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Grand Slam bomb

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Uploaded on Oct 5, 2007

The Grand Slam (Earth Quake bomb), was a very large freefall bomb developed by the British aeronautical engineer Barnes Wallis (who also made the bouncing bomb) in late 1944. At a weight of 9.98 t (22,000 lb) the Grand Slam was almost twice the weight of his previous large bomb, the 5.44 t (12,000 lb) Tallboy. Both weapons were intended for use against large and protected buildings, structures against which smaller bombs would be ineffective. The idea of the earthquake bomb was explored by Barnes Wallis at the very start of World War II but at the time there were no aircraft capable of carrying the 10-ton weapon he envisaged (notwithstanding Wallis's suggestions to build one, a six-engine high-altitude bomber called "Victory"). Wallis returned to his designs in the latter part of the war and the first earthquake bomb he developed was the 5-ton Tallboy. It proved effective in demolishing large structures, including heavily-protected bunkers (it was thus an early "bunker buster").

The reasoning behind the earth penetration bomb is that explosive energy is transmitted more efficiently in a non-compressible medium. Barnes Wallis used the non-compressible nature of water as a factor in the bouncing bombs. The earthquake bomb was designed to penetrate the earth and explode some 30 m down. An explosion carried through the medium of the earth would thus cause damage for a much greater distance than if the bomb were to explode in open air. Wallis also understood that bomb aiming was very poor at the time. The major advantage of the earthquake bomb, therefore, was that it could miss by hundreds of yards and still achieve the desired result. The intention before the war started was to destroy dams, railway bridges and general infrastructure. Thus it is possible that German industry and infrastructure could have been seriously damaged with minimal loss of civilian lives, compared to area bombing. His ideas were not fully understood, appreciated, or even realisable at the time.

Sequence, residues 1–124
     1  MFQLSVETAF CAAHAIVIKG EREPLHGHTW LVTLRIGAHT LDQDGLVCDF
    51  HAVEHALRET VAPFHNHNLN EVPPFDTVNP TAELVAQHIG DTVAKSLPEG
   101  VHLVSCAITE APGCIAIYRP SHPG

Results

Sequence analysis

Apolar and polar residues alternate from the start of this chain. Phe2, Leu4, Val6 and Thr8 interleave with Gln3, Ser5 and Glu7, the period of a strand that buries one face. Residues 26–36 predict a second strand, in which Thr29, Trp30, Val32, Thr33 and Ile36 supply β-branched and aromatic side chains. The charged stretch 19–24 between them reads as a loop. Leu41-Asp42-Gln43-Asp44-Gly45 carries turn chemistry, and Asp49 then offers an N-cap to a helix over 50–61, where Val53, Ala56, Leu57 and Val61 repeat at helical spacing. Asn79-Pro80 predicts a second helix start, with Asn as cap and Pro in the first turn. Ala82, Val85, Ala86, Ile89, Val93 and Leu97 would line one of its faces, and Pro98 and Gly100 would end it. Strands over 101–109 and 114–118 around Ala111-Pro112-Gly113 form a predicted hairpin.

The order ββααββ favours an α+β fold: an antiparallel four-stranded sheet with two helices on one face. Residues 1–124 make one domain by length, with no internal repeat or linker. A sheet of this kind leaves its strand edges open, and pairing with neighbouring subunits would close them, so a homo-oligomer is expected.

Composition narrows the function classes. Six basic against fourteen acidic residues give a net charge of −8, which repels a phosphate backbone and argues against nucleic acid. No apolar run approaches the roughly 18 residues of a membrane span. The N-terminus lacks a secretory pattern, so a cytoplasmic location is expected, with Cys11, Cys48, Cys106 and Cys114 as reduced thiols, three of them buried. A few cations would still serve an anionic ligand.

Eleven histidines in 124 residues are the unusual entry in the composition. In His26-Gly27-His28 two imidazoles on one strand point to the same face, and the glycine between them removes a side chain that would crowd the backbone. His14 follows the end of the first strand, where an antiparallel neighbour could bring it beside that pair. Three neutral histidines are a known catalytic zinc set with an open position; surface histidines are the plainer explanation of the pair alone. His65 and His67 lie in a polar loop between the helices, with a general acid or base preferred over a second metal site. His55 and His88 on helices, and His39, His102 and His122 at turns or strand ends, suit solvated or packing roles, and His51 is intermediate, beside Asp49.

The design was highly aerodynamic, with a long tail incorporating offset fins, causing it to spin as it fell and stabilizing it, due to the gyroscopic effect, much as the spin imparted by the rifling of a gun barrel increases the accuracy of a bullet. The spin also allowed the bomb to reach supersonic speeds, as the increased stability enabled it to pass through the sound barrier without wobbling or being thrown off-course.

The Grand Slam had a much thicker case than typical World War II bombs, so it would survive the impact of hitting a hardened surface. The hardened steel bomb casing was cast in one piece in a sand mould using a concrete core. Torpex was then poured in, bucket by bucket. When filled, the hot molten explosive took a month to cool down and set, greatly limiting production. Like the Tallboy, the rate of production and material and manpower investment in each bomb meant that aircrews were told to land with their unused bombs on board, rather than jettison them into the sea if a sortie was aborted.

When dropped from high altitude onto compacted earth, the Grand Slam would penetrate over 40 metres into the ground. The explosion would leave a camouflet (cavern) which would undermine foundations of structures above, causing collapse. This is what happened to the Bielefeld railway viaduct, the first enemy target destroyed by a Grand Slam.

The 'B1 (Special)' Lancaster bomber could only carry one at a time and it had to be dropped from 22,000 feet (6700 m) which limited its accuracy. The Grand Slam was first used on March 14, 1945 when the Royal Air Force No. 617 "Dambusters" Squadron, lead by Squadron Leader C.C. Calder, attacked the Bielefeld railway viaduct destroying two spans of the viaduct.[1]

The viaduct at Arnsberg was bombed on 15 March 1945 with 2 Grand Slams and 14 Tallboy bombs but they failed to bring the viaduct down. Four days later on 19 March 1945 another attack by No 617 Squadron using 6 Grand Slams was successful and a 12 m (40 ft) gap was blown in the viaduct. Farge is a small port on the Weser River north of Bremen, and was the site of an oil-storage depot and the Valentin submarine pens that were attacked by the RAF on 27 March 1945. The pens had a ferrous concrete roof up to 7 metres (23 feet) thick. Two Grand Slam bombs penetrated parts of the pen with a 4.5 m-thick roof.

Grand Slams were also successfully used against the Huuge and Brest submarine pens. By the end of the war 41 Grand Slam bombs had been dropped, mainly against bridges and viaducts.

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